If you travel to New Mexico in the late fall, you will see lots of red strings of chilies hanging on seemingly every front porch. These beautiful decorations are called chile ristras, and they are one of my favorite things about New Mexico.
What is a chile ristra?
In Spanish, ristra means string, and chile ristras are just a string of spicy chile peppers tied together. These decorations double as a great food ingredient commonly used in dishes such as enchiladas, posole, and carne adovada. The red chile originally was hung up as a way of preserving the chile and keeping it inaccessible to birds, who love to peck at the seeds. As years went by and food preservation became less necessary for society, more and more New Mexicans began to use ristras as just a decoration, and keep a bag of red chile pods in their kitchen.
Where to hang a chile ristra?
Farmers Chile Market wrote a pretty good guide about this, but I will summarize. Keeping a red chile ristra outside of the elements will keep it bright and fresh for longer. Wind that will break the chile peppers is the most dangerous thing a ristra can be exposed to, followed by rain and sun. To keep your string of hot sandia chile peppers good as long as possible, hang it in your kitchen.
Why are chile ristras special?
In New Mexico, hanging a chile ristra near your door is felt as a welcoming sign. It gives a homey atmosphere, along with a kick of color. These strings of peppers also add a kick of color to any room or layout. More than just that, there are many different kinds of chile used to make ristras. From the hot sandia to the super hot pequin chile, along with garlic and other things, ristras are popular throughout the southwestern United States. Because different chilies are used, many different shapes and sizes are also available. My favorite ristra shape is a heart, which is commonly made using pequin chile peppers.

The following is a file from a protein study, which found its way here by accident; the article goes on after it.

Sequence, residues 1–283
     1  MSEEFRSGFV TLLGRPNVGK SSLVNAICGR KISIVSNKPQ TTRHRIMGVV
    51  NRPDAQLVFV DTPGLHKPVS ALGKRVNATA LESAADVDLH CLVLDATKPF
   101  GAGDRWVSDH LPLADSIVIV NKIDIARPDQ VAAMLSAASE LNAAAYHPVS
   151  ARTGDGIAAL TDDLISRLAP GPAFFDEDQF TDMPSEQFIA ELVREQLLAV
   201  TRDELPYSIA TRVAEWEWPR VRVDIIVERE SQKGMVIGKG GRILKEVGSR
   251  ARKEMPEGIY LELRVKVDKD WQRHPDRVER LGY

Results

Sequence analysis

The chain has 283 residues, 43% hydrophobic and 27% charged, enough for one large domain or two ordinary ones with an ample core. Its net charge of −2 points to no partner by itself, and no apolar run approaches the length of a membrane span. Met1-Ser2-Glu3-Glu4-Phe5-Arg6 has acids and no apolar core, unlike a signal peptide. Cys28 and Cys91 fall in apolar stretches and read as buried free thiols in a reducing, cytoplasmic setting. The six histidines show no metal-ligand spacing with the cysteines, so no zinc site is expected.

The Spice of the Southwest
Hatch, New Mexico is called the chile capital of the world for a reason. Although you can find chile ristras everywhere in New Mexico, Hatch really has them everywhere. Santa Fe and Albuquerque also have many old adobe buildings adorned with these vibrant strings of spicy chili peppers. The food in New Mexico is a good amount spicier than other states in the US. In some restaurants, the heat level is so high that you might want to order milk with your meal.
The New Mexico Chile Season
Every year in August New Mexico really comes alive with the sounds and smells of green chile roasting. As Hatch chile ripens and turns red, there will be ristras adorning entryways around the state. The sweet and spicy red chilies are an amazing flavor, but the sugar ferments out during the natural drying process. In New Mexico, people ask the question “Red or green?” frequently. It is because chile is a fundamental part of New Mexican cuisine, culture, and tradition. Generally, the best chile comes in September, but October is also a great time to visit New Mexico for chile and also the world’s largest Balloon Fiesta.
Famous New Mexican Food
Many delicacies exist in New Mexico, and you better believe they contain green and red chile.
First is green chile stew, a hearty soup which often contains chunks of beef, potatoes, and lots of spicy Hatch green chile. It is served with a buttered tortilla for a little extra flavor. Enchiladas are another dish which is huge in New Mexico, and once again will require an answer to the red or green question. Green chile cheeseburgers are arguably New Mexico’s famous food, and showcases New Mexico’s unique blend of Mexican and American culture. Finally, red chile posole is everyone’s favorite soup when the weather gets cold. This nixtamalized corn based soup is also served with a tortilla, and generally comes with some delicious stewed pork as well.
History of New Mexico Chile
Chile has been grown in New Mexico for hundreds of years, but it was very different in the past than now. For one thing, chile roasting has become a business that thousands of people do every year, where in the past people would take chile home raw. Another difference is that chile varieties are different now. The famous Hatch chile is derived from NuMex no. 9, a chile variety developed by Fabian Garcia of NMSU in the early 20th century.
After him, many great breeders have followed, such as Roy Harper and Roy Nakayama. Nowadays, the variety of chile is astonishing, and more and more roasting techniques are becoming popular. Ristras are still used in the modern day as a decorative way of storing chile as well. Some things change and some things remain the same.